It is not that Hudgens has decided he would not seek the 10th Congressional district, it’s the way he has gone about it, even meeting with the Governor and SoS. It would have been better for the GOP and Hudgens to have done his homework behind the scenes, and then go public.

    It will be better if the GOP electorate unites behind one strong candidate in the 10th, but what about this fiasco in the 47th?

    Whatever criticism Hudgens receives, he has brought upon himself. However, I don’t agree with the name calling.

    Pye brings up a good point above, what know? Did Kemp cause this? No Hudgens did.

  8. atlantaman says:

    I’ll be the first to state that what problems Hudgens now has with his Senate seat he brought on himself, and I wouldn’t blame Kemp for staying in.

    He made a decision to get out front, some would argue too far in front of Norwood’s death, and it’s now jeapordized his Senate seat.

    I guess we can debate the “giving his word” argument. The problem is what all this usually boils down to is money. In order to raise the money you have to act like a serious candidate, once you’re into the campaign and the money isn’t coming like you thought – does that mean your trapped to the end of the election?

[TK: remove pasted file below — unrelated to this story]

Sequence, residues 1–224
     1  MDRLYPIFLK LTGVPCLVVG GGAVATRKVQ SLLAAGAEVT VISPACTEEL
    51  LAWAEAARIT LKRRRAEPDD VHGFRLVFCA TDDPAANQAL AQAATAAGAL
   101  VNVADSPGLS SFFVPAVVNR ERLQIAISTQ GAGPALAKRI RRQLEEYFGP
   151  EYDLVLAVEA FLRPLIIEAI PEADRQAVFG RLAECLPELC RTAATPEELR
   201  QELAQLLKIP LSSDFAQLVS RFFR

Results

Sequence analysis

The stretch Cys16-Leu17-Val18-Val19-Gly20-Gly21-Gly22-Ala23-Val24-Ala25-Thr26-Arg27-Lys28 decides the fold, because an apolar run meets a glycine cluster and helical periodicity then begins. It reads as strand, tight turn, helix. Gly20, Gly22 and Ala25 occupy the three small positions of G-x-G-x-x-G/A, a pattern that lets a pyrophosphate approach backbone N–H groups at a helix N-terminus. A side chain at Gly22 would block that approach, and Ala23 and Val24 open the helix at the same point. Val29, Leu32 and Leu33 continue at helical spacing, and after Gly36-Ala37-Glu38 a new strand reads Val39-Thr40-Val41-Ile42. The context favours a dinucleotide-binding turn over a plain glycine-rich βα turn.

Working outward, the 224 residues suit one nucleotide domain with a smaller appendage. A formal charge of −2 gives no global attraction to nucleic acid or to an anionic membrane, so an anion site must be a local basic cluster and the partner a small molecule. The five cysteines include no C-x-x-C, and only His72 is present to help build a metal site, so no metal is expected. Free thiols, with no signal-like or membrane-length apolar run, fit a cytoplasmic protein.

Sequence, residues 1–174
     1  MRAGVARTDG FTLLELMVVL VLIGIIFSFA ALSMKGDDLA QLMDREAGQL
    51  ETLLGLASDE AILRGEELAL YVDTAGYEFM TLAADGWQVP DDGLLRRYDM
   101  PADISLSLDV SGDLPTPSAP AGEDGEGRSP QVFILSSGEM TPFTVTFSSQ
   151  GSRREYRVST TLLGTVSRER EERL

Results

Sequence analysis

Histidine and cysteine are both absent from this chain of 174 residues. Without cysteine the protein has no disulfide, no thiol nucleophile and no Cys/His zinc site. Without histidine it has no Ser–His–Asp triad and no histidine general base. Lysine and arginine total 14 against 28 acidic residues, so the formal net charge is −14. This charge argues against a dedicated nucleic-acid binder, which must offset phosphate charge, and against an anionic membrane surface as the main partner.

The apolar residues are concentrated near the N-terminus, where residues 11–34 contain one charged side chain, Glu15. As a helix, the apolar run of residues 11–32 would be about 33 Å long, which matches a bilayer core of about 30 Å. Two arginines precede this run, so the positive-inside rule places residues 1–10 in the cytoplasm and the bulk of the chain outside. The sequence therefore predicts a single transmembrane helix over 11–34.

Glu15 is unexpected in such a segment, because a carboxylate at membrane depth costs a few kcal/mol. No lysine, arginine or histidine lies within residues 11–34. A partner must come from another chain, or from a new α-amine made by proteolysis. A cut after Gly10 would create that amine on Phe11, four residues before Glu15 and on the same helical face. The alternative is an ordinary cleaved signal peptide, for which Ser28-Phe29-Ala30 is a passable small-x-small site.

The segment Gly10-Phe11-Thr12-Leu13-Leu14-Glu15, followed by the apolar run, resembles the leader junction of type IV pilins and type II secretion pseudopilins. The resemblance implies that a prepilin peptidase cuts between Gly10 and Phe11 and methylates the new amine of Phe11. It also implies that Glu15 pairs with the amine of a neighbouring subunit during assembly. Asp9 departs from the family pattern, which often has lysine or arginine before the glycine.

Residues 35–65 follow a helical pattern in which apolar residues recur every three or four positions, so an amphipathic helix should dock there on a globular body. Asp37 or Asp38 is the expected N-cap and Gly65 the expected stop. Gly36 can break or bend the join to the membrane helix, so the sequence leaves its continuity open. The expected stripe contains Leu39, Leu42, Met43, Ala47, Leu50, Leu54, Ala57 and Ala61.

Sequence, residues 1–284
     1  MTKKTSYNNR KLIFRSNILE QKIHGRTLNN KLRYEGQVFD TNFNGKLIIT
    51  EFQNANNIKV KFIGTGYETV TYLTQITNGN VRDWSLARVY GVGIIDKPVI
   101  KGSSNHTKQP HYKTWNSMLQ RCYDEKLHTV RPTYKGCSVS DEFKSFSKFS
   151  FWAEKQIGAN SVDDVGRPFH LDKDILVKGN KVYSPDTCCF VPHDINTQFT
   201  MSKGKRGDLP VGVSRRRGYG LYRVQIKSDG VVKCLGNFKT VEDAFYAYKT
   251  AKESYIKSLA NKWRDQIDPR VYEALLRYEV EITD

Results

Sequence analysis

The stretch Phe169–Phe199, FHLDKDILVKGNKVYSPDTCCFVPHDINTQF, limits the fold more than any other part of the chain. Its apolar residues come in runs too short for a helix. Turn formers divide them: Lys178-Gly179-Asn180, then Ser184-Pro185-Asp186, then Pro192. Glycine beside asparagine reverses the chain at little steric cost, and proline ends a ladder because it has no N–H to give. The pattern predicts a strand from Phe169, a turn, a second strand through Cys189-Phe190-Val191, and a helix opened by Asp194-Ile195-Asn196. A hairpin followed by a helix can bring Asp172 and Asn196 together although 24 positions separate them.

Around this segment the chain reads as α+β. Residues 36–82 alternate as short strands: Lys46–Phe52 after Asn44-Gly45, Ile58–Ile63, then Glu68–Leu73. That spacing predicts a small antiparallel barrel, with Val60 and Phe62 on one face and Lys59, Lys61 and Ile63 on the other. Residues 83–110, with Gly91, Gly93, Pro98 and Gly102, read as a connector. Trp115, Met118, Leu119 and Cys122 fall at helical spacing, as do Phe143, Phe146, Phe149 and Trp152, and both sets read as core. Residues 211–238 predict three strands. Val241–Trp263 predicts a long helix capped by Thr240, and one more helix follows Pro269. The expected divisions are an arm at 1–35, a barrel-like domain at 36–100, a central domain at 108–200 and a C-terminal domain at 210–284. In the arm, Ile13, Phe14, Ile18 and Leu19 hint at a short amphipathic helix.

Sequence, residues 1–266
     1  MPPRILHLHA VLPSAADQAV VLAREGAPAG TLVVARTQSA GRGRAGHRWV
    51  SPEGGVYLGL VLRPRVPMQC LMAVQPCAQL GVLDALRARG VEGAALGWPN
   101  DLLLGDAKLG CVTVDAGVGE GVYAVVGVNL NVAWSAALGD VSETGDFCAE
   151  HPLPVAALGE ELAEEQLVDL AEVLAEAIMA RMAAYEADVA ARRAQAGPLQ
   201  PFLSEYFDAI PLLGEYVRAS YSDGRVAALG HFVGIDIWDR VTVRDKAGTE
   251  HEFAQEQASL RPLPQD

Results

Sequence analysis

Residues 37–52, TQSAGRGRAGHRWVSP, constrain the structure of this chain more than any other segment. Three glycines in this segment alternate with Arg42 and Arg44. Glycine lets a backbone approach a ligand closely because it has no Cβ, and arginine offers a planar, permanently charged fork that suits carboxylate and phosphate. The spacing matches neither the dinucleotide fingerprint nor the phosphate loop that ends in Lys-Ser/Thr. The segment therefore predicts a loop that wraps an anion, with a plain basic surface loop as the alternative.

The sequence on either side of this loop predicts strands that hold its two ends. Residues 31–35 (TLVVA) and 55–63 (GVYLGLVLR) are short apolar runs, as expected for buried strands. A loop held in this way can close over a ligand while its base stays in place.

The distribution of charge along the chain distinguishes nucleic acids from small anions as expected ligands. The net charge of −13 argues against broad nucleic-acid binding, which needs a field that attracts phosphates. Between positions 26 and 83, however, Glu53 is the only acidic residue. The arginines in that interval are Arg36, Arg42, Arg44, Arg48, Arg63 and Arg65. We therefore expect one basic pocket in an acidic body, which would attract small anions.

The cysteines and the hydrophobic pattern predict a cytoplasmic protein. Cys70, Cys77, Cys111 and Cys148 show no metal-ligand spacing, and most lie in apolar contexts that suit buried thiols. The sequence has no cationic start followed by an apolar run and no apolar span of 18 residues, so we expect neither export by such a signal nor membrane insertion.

As a side note is it 100% certain that Hudgens plans to run for re-election?

  9. Jeff Emanuel says:

    Atlantaman, conceding/withdrawing from races is not a “mortal sin”; once a candidate declares for a race, as you point out, he or she is not locked in to that race forever.

    However, this case shows very clearly that, while people have the liberty to declare for races, and then follow through or not, there is fallout which affects many other people when someone changes their mind. Hudgens made a giant mistake when he announced his intent to run even before the incumbent had passed away, declared on the day of his death, and then recruited and endorsed a successor to his Senate seat. The fallout will continue to be felt for a while — and it will affect Hudgens, for good or for ill.

    And yes, Hudgens has said himself that he’s running for reelection. Then again, he’s dropped out of one race this year…

  10. bowersville says:

    Yes it usually boils down to money, so where does the money go for the 47th? Do you think the money people interested in the 47th may be in a quandary?

    If they are, that can’t help.

  11. Bud says:

    Hudgen’s put himself in this situation. He should have waited to announce his candidacy until after Norwood had died AND when he was for sure he wanted to run for Congress. It is not as if he is saying he couldn’t get the support, he is saying he just doesn’t want to run now. He should have thought about that before he was raked over the coals for announcing while Norwod was on his deathbed and before he went out and told Kemp to run for his seat.

  12. Former State Senator Brian Kemp vs Incumbent State Senator Ralph Hudgens in the 47th state senate district GOP primary. It will be interesting. Would this weird like if the Democrats asked Roy Barnes to run for Governor again in 2010.

  13. R.E.M. says:

    Kemp’s a good guy. He should do very well in his run for the 47th both financially and politically. At the least he will keep the Senators on the fence, at the most he will get a large group of the state senators to back him.

Comments are closed.